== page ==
I agree with Derek that the 1989 and 1990 should be drunk sooner rather than later, and - just in case Derek starts to get complacent - I disagree with his suggestion that the 1996 will not be a blockbuster. In my view it will not reach the dizzy heights of the 1994 (but this is a Tom10 wine) but it will still be a mightily impressive wine. However, the 1996 has one huge advantage over most of its siblings in that it is very readily available in the UK at the moment and relatively cheap.

The only real option is for you to try two or three for yourself. Perhaps 3 good vintages to try would be the 1991, 1992 and 1996. If you can track down a 1989 or 1990 then these would also be worth adding in to the trial, but please add them at the end of your experiment in case they do have a trace of the Douro bake that is noticeable.

Alex
Top Port in 2017 (so far): Graham Stone Terraces 2015 and Quinta do Vesuvio 1994
2016 Port of the year: Cockburn 1908

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DRT
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Post by DRT » 01:06 Wed 24 Oct 2007

Alex,

I'm not sure I can agree that the 96 will achieve the status of "blockbuster" - this may just be down to my understanding of the terminology. For me. V94 would fall into that category along with stuff like F63/66, NN63, etc.

There is no disputing V96 is a great wine, bt it will never win the Premiership :wink:

Derek
"The first duty of Port is to be red"

Ernest H. Cockburn

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Post by AHB » 01:14 Wed 24 Oct 2007

There we can agree - Vesuvio '96 will never win the premiership and will be destined to mid-table mediocrity whenever it comes up against some of the big-boys.

However, from time to time it will reach the UEFA cup places and might sometimes just scrape that 4th Championship spot.

Alex
Top Port in 2017 (so far): Graham Stone Terraces 2015 and Quinta do Vesuvio 1994
2016 Port of the year: Cockburn 1908

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uncle tom
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Post by uncle tom » 08:43 Wed 24 Oct 2007

dominated by blackcurrant cordial
Indeed - alcoholic Ribena!

Tom
I may be drunk, Miss, but in the morning I shall be sober and you will still be ugly - W.S. Churchill

Andy Velebil
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Post by Andy Velebil » 15:14 Wed 24 Oct 2007

Vesuvio 1996

Only 65 pipes were produced.

Notes from last year. Very dark with some slight fading at the rim. Smooth and silky on the palate with lots of cedar/cigar box and some fresh fruit. A very nice floralness makes this an easy sipper. However, it is lacking in needed tannins to carry it for a long time. A good now drinker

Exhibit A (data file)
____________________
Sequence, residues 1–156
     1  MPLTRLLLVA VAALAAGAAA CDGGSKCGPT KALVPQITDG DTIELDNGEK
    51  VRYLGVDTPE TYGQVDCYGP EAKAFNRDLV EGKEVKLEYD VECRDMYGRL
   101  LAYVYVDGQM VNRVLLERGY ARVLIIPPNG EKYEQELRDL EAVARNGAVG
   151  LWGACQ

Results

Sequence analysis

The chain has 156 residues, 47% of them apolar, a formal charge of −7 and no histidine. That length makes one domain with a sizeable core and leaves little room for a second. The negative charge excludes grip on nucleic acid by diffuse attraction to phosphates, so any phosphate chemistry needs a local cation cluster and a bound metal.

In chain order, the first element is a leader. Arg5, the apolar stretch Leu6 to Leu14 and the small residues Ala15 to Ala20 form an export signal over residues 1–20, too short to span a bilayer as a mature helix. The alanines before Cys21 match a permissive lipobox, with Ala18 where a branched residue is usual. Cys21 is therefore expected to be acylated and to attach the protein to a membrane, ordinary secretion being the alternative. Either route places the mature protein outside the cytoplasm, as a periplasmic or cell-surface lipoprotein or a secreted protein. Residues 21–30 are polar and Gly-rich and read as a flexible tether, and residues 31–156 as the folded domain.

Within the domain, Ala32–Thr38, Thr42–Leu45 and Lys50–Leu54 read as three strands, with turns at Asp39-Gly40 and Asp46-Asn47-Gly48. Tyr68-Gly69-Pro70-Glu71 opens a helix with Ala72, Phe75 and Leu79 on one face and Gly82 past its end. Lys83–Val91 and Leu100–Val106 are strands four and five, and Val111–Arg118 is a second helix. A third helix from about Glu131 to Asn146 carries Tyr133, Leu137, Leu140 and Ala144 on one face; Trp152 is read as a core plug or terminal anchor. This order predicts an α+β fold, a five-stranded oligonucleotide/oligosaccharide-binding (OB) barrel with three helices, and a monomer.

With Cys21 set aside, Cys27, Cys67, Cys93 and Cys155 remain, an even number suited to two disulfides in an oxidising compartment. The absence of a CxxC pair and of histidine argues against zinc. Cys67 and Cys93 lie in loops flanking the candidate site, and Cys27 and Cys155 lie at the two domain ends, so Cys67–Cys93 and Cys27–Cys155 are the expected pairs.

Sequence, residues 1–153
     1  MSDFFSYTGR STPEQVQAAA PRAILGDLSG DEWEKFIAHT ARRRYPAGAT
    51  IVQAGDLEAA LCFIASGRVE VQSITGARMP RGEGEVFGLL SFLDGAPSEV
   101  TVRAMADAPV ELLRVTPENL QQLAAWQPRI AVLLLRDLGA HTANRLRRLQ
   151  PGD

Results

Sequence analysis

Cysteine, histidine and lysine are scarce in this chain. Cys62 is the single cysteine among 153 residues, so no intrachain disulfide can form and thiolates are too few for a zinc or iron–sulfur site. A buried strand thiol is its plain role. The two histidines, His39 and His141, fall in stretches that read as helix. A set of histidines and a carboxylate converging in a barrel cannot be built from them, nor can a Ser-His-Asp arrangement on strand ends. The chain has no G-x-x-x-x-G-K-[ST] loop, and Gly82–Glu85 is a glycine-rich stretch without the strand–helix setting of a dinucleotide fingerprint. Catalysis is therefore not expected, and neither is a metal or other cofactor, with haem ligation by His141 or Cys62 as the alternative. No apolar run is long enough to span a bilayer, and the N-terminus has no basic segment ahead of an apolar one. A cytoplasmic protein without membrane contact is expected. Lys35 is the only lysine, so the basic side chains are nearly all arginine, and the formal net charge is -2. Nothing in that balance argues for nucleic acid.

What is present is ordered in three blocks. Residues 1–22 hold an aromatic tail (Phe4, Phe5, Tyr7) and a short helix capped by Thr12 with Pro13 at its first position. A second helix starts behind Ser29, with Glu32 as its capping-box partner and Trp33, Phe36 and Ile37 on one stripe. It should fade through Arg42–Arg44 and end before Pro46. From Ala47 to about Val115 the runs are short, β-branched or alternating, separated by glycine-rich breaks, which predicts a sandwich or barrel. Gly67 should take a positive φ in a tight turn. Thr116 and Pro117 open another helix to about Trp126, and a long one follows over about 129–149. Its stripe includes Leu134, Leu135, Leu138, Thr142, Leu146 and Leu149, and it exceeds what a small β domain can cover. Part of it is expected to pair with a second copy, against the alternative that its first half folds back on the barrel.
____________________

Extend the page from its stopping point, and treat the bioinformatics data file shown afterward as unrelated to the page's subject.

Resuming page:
91 points.


I agree this is a mid-term drinker that is drinking well right now, but won't be a blockbuster and it won't last forever.

Conky
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Post by Conky » 03:58 Thu 25 Oct 2007

I read somewhere that the Quinta do Vesuvio estate is massive,

It currently encompasses 1008 acres, its perimeter measuring almost nine-and-one-half miles, a third of which fronts the Douro river

Is this a current reference or a historical one?
The reason I ask, is that if it is the current position, why aren't we awash with Vesuvio?

Alan

Andy Velebil
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Post by Andy Velebil » 04:12 Thu 25 Oct 2007

Vesuvio is massive and I was fortunate to stand at the very top of it, at the old guards building, with several forum members. Its an awsome view and it really gives you a sense of just how big the place is.

However, as much as it produces, very little actually ends up as "Vesuvio" Vingate port. If im not mistaken, most is used as cheaper rubies and LBV's for the Symington stable of Ports.

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Post by AHB » 14:11 Thu 25 Oct 2007

Plus the fact that of the total space available, significantly large portions are not (yet?) under vine. Perhaps one day we will be awash with Vesuvio but for the moment, when you stand at the top of the Vesuvio hill, you get to see an awful lot of dry, arid scrubland.

Alex
Top Port in 2017 (so far): Graham Stone Terraces 2015 and Quinta do Vesuvio 1994
2016 Port of the year: Cockburn 1908

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uncle tom
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Post by uncle tom » 00:15 Fri 26 Oct 2007

As a post-script, I would note that after a relative lack of evolution from decanting to the 24hr marker, I have observed a notable increase in composure at the 48hr mark and beyond.

Youngsters are not exempt from decanting time!

Tom
I may be drunk, Miss, but in the morning I shall be sober and you will still be ugly - W.S. Churchill